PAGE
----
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Monday, June 8, 2015

Cassoulet Dish from Southern France

Cassoulet (French pronunciation: ​[ɛ], from Occitan caçolet [kasuˈlet]) is a rich, slow-cooked casserole originating in the south of France, containing white beans (haricots blancs) and meat (typically bacon, sausages, duck or chicken and sometimes mutton).

The dish is named after its traditional cooking vessel, the cassole, a deep, round, earthenware pot.

The region once known as the province of Languedoc is the traditional homeland of cassoulet, especially the towns of Carcassonne and Castelnaudary (near Revel), the town which claims to be where the dish originated.

Ingredients and Recipe below the Video
Photos at end of Post

Ingredients (serve 6 to 8 people)

Cannelloni Beans 24 hours in water (3 cups)
Carrots (3 medium)
Onion (1 medium diced)
Diced Tomatoes (1 can 14 oz)
Garlic (3-4 cloves)
Celery (2 stalks)
Anaheim Pepper (1 cut in slices)
Lamb Sausage (3)
Chicken Breast (1 cut in 1-2 inches pieces) if no duck confit is available.
Bacon (1-2 think slices cut in inches)
Chicken Broth (1 quart)
Coconut oil if you do not have duck fat (2 table spoons)
Salt (only after end of cooking, otherwise beans will have a hard skin)
Pepper (to taste)
Cumin (1-2 tea spoon)
Turmeric (1 tea spoon)
White Vinegar (2 table spoon)
Bread crumbs


In a skillet Onion and Garlic with 1 table spoon of coconut oil until transparent (do not brown).

In a skillet brown the lamb sausages with 1 table spoons of coconut oil.

In a skillet brown the chicken pieces with 1 table spoon of coconut oil.

In the skillet where you brown the chicken cook lightly the bacon pieces and remove the liquid fat.

Mix all the ingredients (except salt and bread crumbs) in a crok-pot  (or slow cooker) and add water if necessary to cover the beans. Let simmer for 3-4 hours at high, then 6 hours at low (or until the beans are tender). 

Now add salt to taste.

Before serving spread bread crumbs on the top and broil for few minutes.

White beans soaking in water
Garlic & Onion
Lamb Sausages
Chicken Breast

Ingredients ready to be mixed in the crok-pot
Serving for 2

Saturday, June 6, 2015

Turkish Coffee

The video explains how to make Turkish Coffee
Ingredients and Recipe

Tasting the Turkish Coffee.  It is really good.

What is left at the bottom of the cup
after drinking the coffee

Sediments made of coffee grounds.

Washing the cup...
... a lot of coffee ground

Monday, September 26, 2011

Is Junk Food Really Cheaper?

By MARK BITTMAN from the New York Times

THE “fact” that junk food is cheaper than real food has become a reflexive part of how we explain why so many Americans are overweight, particularly those with lower incomes. I frequently read confident statements like, “when a bag of chips is cheaper than a head of broccoli ...” or “it’s more affordable to feed a family of four at McDonald’s than to cook a healthy meal for them at home.”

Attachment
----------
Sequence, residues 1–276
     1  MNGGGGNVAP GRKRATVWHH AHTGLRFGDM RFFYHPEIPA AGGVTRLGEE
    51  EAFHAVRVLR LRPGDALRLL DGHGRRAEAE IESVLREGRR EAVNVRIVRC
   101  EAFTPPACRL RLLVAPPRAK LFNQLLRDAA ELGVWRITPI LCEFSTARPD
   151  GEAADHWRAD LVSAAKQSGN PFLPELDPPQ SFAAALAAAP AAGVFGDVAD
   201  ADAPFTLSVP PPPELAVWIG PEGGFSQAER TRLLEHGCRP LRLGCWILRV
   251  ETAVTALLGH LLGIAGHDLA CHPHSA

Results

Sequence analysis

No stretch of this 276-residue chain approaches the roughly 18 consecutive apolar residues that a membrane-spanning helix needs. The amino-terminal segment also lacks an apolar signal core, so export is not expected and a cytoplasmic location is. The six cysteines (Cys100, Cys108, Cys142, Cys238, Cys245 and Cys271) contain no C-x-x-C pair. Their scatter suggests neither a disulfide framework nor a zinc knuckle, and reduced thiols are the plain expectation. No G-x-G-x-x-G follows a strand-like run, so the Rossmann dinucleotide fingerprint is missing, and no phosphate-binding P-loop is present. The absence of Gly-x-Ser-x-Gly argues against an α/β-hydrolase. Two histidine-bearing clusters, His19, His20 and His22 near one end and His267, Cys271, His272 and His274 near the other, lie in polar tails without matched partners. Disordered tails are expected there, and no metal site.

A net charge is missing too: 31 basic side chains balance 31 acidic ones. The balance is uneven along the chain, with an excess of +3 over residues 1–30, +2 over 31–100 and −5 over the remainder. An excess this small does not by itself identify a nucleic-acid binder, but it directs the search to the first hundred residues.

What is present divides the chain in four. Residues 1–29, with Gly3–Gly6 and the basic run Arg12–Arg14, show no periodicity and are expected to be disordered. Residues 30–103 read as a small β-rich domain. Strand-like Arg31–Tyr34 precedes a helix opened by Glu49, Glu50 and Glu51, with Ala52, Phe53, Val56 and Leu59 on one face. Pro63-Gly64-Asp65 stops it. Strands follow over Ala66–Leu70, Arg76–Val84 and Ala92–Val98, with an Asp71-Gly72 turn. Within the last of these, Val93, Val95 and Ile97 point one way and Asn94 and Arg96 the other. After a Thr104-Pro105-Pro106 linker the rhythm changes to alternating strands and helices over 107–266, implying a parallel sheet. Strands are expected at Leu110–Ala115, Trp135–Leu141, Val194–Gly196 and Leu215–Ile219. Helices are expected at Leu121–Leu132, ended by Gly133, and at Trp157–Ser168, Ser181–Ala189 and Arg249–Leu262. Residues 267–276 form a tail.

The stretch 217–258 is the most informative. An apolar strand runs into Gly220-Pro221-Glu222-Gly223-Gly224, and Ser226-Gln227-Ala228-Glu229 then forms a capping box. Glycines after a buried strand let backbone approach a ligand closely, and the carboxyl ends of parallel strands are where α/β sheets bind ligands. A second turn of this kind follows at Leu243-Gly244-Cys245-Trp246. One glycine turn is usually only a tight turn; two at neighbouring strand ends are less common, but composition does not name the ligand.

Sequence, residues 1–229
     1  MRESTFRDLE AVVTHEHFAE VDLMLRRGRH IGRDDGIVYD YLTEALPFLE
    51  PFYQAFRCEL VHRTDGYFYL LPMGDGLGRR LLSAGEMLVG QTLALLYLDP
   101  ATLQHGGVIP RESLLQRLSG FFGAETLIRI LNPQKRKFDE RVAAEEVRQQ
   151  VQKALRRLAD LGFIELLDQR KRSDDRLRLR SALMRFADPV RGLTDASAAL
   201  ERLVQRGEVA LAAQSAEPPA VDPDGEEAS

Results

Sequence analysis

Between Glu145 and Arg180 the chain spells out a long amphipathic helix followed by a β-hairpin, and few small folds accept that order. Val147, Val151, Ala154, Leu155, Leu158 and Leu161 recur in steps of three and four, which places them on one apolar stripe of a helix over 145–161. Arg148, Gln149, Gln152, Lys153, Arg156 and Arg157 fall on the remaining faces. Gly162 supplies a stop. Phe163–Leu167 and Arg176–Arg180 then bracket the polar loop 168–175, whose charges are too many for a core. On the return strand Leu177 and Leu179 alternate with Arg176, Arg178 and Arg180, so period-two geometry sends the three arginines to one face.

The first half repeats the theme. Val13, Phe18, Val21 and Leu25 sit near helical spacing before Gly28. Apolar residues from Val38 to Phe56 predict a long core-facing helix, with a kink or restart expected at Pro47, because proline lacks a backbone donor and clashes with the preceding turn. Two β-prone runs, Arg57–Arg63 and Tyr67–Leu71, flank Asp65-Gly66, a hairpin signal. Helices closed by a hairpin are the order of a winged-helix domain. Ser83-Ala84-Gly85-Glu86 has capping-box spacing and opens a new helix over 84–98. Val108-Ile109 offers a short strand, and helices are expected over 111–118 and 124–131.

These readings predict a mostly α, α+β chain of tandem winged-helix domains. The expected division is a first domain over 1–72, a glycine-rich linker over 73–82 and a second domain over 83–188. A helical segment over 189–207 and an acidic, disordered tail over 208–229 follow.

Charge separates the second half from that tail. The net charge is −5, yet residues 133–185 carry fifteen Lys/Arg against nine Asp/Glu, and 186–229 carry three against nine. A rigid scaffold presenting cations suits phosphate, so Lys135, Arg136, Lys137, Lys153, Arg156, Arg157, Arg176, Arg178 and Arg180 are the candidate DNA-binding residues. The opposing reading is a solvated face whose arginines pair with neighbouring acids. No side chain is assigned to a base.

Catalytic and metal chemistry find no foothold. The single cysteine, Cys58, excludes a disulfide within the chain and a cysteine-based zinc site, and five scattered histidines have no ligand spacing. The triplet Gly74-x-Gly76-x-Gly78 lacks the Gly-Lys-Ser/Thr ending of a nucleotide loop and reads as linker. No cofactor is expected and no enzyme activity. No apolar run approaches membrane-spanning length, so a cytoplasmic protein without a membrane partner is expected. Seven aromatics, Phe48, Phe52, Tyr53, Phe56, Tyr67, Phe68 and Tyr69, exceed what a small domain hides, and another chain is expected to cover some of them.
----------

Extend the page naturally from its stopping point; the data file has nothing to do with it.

This is just plain wrong. In fact it isn’t cheaper to eat highly processed food: a typical order for a family of four — for example, two Big Macs, a cheeseburger, six chicken McNuggets, two medium and two small fries, and two medium and two small sodas — costs, at the McDonald’s a hundred steps from where I write, about $28. (Judicious ordering of “Happy Meals” can reduce that to about $23 — and you get a few apple slices in addition to the fries!)

In general, despite extensive government subsidies, hyperprocessed food remains more expensive than food cooked at home. You can serve a roasted chicken with vegetables along with a simple salad and milk for about $14, and feed four or even six people. If that’s too much money, substitute a meal of rice and canned beans with bacon, green peppers and onions; it’s easily enough for four people and costs about $9. (Omitting the bacon, using dried beans, which are also lower in sodium, or substituting carrots for the peppers reduces the price further, of course.)

Another argument runs that junk food is cheaper when measured by the calorie, and that this makes fast food essential for the poor because they need cheap calories. But given that half of the people in this country (and a higher percentage of poor people) consume too many calories rather than too few, measuring food’s value by the calorie makes as much sense as measuring a drink’s value by its alcohol content. (Why not drink 95 percent neutral grain spirit, the cheapest way to get drunk?)

Besides, that argument, even if we all needed to gain weight, is not always true. A meal of real food cooked at home can easily contain more calories, most of them of the “healthy” variety. (Olive oil accounts for many of the calories in the roast chicken meal, for example.)In comparing prices of real food and junk food, I used supermarket ingredients, not the pricier organic or local food that many people would consider ideal. But food choices are not black and white; the alternative to fast food is not necessarily organic food, any more than the alternative to soda is Bordeaux.

The alternative to soda is water, and the alternative to junk food is not grass-fed beef and greens from a farmers’ market, but anything other than junk food: rice, grains, pasta, beans, fresh vegetables, canned vegetables, frozen vegetables, meat, fish, poultry, dairy products, bread, peanut butter, a thousand other things cooked at home — in almost every case a far superior alternative.